These functions are defined in
readascii.sl. For comma or
tab-delimited files, consider useing the CSV module.
Read data from a text file
Int_Type readascii (file, &v1,...&vN ; qualifiers)
This function may be used to read formatted data from a text (as
opposed to binary) file and stores the values as arrays in the
v1,..., vN (passed as references). It
returns the number of lines read from the file that matched the
format (implicit or specified by a qualifier).
The file parameter may be a string that gives the filename to read,
File_Type object representing an open file pointer, or an
array of lines to be scanned.
The following qualifiers are supported by the function
format=string The sscanf format string to be used when parsing lines. nrows=integer The maximum number of matching rows to handle. ncols=integer If a single reference is passed, it will be assigned an array of ncols arrays of data values. skip=integer Skip the specified number of lines before scanning maxlines=integer Read no more than this many lines. cols=Array_Type Read only the specified (1-based) columns. Used with an implict format delim=string For an implicit format, use this as a field separator. The default is whitespace. type=string For an implicit format, use this sscanf type specifier. Default is %lf (Double_Type). size=integer Use this value as the initial size for the arrays. dsize=integer Use this value as an increment when reallocating the arrays. stop_on_mismatch Stop reading input when a line does not match the format lastline=&v Assign the last line read to the variable v. lastlinenum=&v Assign the last line number (1-based to v) comment=string Lines beginning with this string are ignored. as_list If present, then return data in lists rather than arrays.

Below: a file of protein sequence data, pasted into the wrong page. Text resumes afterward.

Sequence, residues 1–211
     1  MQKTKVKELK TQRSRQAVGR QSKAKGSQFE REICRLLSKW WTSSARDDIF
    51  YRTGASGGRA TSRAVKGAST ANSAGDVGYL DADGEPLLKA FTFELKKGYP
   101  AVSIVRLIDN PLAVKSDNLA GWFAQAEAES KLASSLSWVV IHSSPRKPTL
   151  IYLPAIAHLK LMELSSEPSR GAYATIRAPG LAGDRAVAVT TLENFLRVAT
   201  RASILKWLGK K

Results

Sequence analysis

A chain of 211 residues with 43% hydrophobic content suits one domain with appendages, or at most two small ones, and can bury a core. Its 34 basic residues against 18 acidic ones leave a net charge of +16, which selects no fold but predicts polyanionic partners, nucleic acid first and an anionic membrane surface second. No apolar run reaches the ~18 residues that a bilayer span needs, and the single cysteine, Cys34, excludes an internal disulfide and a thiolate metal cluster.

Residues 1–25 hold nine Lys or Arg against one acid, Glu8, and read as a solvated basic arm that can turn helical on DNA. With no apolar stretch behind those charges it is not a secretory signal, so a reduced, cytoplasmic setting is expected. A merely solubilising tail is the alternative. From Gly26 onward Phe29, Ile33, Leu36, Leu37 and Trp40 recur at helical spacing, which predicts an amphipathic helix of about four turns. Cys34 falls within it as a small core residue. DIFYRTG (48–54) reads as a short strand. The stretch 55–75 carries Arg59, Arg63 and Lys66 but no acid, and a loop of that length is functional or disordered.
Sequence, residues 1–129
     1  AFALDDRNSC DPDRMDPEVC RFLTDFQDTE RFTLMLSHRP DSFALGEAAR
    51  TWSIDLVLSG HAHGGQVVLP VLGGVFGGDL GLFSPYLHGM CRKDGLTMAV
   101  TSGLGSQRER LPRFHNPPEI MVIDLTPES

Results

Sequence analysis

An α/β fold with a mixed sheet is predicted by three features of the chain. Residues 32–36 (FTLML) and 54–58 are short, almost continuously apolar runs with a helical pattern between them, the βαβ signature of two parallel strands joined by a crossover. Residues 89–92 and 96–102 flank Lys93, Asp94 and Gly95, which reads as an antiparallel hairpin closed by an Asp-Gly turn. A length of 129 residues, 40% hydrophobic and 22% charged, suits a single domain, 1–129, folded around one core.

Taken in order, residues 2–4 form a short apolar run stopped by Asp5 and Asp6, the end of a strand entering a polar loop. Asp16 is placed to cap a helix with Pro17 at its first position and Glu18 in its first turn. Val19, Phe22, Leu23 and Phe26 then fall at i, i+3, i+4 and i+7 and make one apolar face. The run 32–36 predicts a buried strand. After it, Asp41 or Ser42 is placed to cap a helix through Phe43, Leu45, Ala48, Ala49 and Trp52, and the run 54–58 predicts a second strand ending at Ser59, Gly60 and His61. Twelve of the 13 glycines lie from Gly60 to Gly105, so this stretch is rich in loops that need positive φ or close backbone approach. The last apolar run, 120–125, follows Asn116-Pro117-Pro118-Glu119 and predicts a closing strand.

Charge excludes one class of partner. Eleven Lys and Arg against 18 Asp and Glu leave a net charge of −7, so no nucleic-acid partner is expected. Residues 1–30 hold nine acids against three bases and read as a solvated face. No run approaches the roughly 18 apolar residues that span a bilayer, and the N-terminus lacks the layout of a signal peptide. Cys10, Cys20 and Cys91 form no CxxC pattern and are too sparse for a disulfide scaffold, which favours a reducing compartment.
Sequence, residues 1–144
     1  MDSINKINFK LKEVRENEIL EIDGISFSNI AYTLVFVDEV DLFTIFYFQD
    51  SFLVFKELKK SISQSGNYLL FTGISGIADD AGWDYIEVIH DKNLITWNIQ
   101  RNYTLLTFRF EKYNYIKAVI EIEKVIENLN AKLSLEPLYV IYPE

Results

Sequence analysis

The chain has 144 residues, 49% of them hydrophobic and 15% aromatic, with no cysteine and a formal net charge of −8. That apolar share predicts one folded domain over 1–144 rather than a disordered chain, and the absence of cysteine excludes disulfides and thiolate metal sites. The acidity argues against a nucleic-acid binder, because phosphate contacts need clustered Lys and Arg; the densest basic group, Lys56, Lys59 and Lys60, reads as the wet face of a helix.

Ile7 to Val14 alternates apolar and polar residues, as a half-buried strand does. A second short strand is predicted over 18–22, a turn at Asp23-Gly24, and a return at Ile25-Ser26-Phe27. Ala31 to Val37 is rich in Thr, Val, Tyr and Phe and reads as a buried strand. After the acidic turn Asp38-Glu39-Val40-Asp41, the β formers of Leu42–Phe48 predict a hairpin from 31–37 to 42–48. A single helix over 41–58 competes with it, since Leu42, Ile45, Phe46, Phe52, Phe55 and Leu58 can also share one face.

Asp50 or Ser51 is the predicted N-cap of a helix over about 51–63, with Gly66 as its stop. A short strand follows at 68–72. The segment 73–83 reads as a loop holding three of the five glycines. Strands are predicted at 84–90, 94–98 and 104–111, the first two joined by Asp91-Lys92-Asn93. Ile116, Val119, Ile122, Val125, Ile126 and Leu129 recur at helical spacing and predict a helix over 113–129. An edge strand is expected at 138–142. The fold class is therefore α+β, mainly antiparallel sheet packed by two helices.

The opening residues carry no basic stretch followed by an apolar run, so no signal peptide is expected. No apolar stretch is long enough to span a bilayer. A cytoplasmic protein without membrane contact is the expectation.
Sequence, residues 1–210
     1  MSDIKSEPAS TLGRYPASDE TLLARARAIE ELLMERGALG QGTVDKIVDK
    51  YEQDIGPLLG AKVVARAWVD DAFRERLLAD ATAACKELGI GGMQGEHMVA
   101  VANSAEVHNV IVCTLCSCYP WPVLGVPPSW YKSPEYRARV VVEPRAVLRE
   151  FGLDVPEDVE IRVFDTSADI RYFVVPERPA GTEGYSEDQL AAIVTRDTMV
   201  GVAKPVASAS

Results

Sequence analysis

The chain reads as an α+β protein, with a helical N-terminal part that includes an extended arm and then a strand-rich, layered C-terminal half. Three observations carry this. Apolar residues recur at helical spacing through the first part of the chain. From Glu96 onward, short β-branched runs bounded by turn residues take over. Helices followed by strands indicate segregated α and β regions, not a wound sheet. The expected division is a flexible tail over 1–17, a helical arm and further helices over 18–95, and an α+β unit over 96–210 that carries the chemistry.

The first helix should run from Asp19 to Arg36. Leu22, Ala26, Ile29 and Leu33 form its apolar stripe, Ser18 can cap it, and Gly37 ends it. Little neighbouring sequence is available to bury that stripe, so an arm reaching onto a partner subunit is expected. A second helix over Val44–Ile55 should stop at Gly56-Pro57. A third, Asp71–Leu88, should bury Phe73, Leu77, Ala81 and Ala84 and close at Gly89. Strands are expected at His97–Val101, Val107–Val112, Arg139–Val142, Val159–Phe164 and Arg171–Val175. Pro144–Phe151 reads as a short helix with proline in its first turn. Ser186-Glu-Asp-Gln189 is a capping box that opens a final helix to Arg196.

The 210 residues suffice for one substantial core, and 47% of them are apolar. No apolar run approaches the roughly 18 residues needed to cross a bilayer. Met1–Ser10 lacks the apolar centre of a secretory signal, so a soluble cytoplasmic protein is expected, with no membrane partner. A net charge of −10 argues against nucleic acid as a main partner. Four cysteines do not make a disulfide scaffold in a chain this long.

As a simple example, consider a file called
The 3 columns may be read and stored in the variables
# Distance Zr Zi 0.0 50.2 0.1 1.0 47.3 -12.2 2.0 43.9 -15.8
After return, The value of
n = readascii ("imped.dat", &x, &zr, &zi);
xwill be set to
Another way to read the same data is to use
In this case,
n = readascii ("imped.dat", &data; ncols=3);
Array_Type, with each element of the array containing the array of data values for the corresponding column. As before,
nwill be 3.
As a more complex example, Consider a file called
This file may be read using
Name Score Date Flags Bill 73.2 03-Nov-2046 1 James 22.9 03-Nov-2046 1 Lucy 89.1 04-Nov-2046 3
In this case,
n = readascii ("score.dat", &name, &score, &date, &flags; format="%s %lf %s %d");
nwill be 3,
scorewill be a
flagswill be an
Now suppose that only the score and flags column are of interest.
date fields may be ignored using
n = readascii ("score.dat", &score, &flags"; format="%*s %lf %*s %d");
%*sindicates that the field is to be parsed as a string, but not assigned to a variable.
Consider the task of reading columns from a file called
books.dat that contain quoted strings such as:
Such a file may be read using
# Year Author Title "1605" "Miguel de Cervantes" "Don Quixote de la Mancha" "1885" "Mark Twain" "The Adventures of Huckleberry Finn" "1955" "Vladimir Nabokov" "Lolita"
n = readascii ("books.dat", &year, &author, &title; format="\"%[^\"]\" \"%[^\"]\" \"%[^\"]\"");
This current version of this function does not handle missing data.
For such files, the
csv_readcol function might be a better
By default, lines not matching the expected format are assumed to
be comments and are skipped. So normally the
qualifier is not needed. However, it is useful in conjunction with
stop_on_mismatch qualifier to force the parser to skip
lines beginning with the comment string and continue scanning.
sscanf, atof, fopen, fgets, fgetslines, csv_readcol